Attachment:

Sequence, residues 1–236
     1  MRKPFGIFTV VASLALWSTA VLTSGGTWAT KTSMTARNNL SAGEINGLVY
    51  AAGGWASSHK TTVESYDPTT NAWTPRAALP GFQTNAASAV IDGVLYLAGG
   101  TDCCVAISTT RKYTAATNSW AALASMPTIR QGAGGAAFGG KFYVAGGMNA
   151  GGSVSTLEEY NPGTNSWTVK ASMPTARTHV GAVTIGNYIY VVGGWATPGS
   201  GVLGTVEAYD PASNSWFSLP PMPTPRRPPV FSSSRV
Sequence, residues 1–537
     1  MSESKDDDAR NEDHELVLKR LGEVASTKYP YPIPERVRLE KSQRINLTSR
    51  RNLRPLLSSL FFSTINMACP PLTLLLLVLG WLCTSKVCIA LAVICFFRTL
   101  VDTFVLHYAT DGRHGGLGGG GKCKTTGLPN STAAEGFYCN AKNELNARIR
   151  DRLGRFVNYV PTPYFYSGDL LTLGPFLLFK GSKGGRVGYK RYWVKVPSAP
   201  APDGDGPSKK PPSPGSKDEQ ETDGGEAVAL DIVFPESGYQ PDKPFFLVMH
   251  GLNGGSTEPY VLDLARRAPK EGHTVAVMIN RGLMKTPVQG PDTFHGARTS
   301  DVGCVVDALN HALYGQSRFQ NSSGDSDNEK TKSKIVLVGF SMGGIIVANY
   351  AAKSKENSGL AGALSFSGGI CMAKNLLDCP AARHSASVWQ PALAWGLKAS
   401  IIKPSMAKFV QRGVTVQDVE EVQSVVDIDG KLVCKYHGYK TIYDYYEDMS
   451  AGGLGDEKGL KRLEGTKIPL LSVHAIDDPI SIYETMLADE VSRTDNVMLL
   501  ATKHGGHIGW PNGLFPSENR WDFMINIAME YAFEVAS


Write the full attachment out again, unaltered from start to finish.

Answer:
Sequence, residues 1–236
     1  MRKPFGIFTV VASLALWSTA VLTSGGTWAT KTSMTARNNL SAGEINGLVY
    51  AAGGWASSHK TTVESYDPTT NAWTPRAALP GFQTNAASAV IDGVLYLAGG
   101  TDCCVAISTT RKYTAATNSW AALASMPTIR QGAGGAAFGG KFYVAGGMNA
   151  GGSVSTLEEY NPGTNSWTVK ASMPTARTHV GAVTIGNYIY VVGGWATPGS
   201  GVLGTVEAYD PASNSWFSLP PMPTPRRPPV FSSSRV
Sequence, residues 1–537
     1  MSESKDDDAR NEDHELVLKR LGEVASTKYP YPIPERVRLE KSQRINLTSR
    51  RNLRPLLSSL FFSTINMACP PLTLLLLVLG WLCTSKVCIA LAVICFFRTL
   101  VDTFVLHYAT DGRHGGLGGG GKCKTTGLPN STAAEGFYCN AKNELNARIR
   151  DRLGRFVNYV PTPYFYSGDL LTLGPFLLFK GSKGGRVGYK RYWVKVPSAP
   201  APDGDGPSKK PPSPGSKDEQ ETDGGEAVAL DIVFPESGYQ PDKPFFLVMH
   251  GLNGGSTEPY VLDLARRAPK EGHTVAVMIN RGLMKTPVQG PDTFHGARTS
   301  DVGCVVDALN HALYGQSRFQ NSSGDSDNEK TKSKIVLVGF SMGGIIVANY
   351  AAKSKENSGL AGALSFSGGI CMAKNLLDCP AARHSASVWQ PALAWGLKAS
   401  IIKPSMAKFV QRGVTVQDVE EVQSVVDIDG KLVCKYHGYK TIYDYYEDMS
   451  AGGLGDEKGL KRLEGTKIPL LSVHAIDDPI SIYETMLADE VSRTDNVMLL
   501  ATKHGGHIGW PNGLFPSENR WDFMINIAME YAFEVAS